Battle Heat: Competitors vie for a
victory at NI Week's annual Robolab event.
Austin, TX—The palm-sized Lego rover bounces off the wall and rounds a corner, heading towards a corner without side barriers. A standing-room-only crowd wonders whether the high wheels mean it will take the bumpy shortcut, or whether the programmers want their vehicle to take the long, smooth road. Robolab (www.ni.com/company/robolab.htm) was first conceived as a way to get kids interested in engineering, but the applause, sighs, and shouts from NI Week attendees prove that there's a big appeal for adults. Fourteen teams, ranging from teachers to brand new NI employees to college engineers have built vehicles over the course of six hours. Some, like the high school team that has matching team T-shirts, have done this quite a few times, while others prove that whether you're 12 or 50, it's possible to fail in front of a crowd without feeling embarrassed. During the year, when scores of NI employees go to local grade schools to teach kids and teachers how to build and program motorized robots. It's a big thing, with 50 teachers attending a summer course in programming and as many as 500 students and parents coming to NI for the big finale showcase of the vehicles. The focus is on learning, so there aren't any competitions.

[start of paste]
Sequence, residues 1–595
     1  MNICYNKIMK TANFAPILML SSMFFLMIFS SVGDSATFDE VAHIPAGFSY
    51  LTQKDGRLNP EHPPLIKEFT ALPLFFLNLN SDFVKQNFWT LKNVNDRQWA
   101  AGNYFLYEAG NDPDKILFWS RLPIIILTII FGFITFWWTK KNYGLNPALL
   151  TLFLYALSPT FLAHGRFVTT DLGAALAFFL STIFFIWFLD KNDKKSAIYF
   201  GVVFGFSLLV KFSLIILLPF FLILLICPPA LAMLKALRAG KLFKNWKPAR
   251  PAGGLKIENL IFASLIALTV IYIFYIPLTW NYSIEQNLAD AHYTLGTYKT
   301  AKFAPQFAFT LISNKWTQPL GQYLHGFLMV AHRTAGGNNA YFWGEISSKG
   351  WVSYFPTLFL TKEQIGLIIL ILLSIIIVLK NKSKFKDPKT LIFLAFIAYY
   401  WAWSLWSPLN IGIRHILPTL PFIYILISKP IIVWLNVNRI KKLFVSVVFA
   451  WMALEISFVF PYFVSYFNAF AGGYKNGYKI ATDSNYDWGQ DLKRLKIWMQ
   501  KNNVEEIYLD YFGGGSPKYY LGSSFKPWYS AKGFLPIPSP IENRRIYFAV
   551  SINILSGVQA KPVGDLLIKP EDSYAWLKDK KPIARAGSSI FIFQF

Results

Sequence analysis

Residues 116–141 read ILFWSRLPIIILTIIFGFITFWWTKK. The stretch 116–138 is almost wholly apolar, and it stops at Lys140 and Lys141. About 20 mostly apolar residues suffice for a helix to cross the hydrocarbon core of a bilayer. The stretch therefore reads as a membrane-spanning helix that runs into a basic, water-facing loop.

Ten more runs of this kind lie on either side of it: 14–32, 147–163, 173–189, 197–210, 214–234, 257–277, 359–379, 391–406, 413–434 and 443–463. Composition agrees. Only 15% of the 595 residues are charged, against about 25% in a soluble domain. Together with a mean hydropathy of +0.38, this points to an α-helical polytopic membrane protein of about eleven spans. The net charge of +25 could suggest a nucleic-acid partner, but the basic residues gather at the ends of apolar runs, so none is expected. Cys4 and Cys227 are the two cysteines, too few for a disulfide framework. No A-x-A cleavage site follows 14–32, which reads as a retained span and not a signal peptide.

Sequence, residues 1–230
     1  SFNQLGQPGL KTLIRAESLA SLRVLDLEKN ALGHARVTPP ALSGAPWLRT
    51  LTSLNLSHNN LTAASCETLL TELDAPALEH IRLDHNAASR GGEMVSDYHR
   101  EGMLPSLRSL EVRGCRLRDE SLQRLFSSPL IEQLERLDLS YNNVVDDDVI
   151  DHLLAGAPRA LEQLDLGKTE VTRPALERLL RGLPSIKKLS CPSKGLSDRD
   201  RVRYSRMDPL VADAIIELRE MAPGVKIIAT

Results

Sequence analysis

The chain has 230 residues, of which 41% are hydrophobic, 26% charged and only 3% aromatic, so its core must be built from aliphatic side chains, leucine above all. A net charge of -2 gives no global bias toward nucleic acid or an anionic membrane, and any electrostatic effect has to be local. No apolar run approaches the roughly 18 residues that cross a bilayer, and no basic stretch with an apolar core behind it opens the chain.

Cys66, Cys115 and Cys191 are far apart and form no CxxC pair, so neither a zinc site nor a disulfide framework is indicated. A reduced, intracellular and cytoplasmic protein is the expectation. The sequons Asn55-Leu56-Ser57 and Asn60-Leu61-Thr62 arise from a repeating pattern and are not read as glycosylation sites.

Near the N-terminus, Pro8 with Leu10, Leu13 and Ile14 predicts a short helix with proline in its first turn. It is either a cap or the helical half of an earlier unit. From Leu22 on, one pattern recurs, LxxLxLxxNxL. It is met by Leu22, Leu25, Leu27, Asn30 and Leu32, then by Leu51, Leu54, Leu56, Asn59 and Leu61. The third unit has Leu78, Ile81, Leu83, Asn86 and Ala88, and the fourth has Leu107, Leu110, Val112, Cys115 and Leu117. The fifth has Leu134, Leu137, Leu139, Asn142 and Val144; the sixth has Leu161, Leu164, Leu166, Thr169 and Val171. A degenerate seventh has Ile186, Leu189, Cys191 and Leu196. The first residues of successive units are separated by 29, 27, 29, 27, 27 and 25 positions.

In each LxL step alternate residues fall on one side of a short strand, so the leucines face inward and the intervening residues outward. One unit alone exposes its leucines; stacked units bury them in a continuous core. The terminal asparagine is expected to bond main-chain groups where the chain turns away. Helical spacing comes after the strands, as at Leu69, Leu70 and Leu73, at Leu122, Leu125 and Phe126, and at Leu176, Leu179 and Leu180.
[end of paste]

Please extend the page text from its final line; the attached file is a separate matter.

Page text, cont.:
Days after a massive, distributed denial-of-service attack took down dozens of major websites around the country, ARM Holdings plc is rolling out a pair of new processor architectures aimed at shoring up IoT security.
Dow Chemical and several other companies have launched a program in Omaha, Neb. to divert about 36 tons of plastics from landfills in its first phase, and convert it into energy used for cement production.
Focus on Fundamentals consists of 45-minute on-line classes that cover a host of technologies.
You learn without leaving the comfort of your desk. All classes are taught by subject-matter experts and all are archived.
So if you can't attend live, attend at your convenience.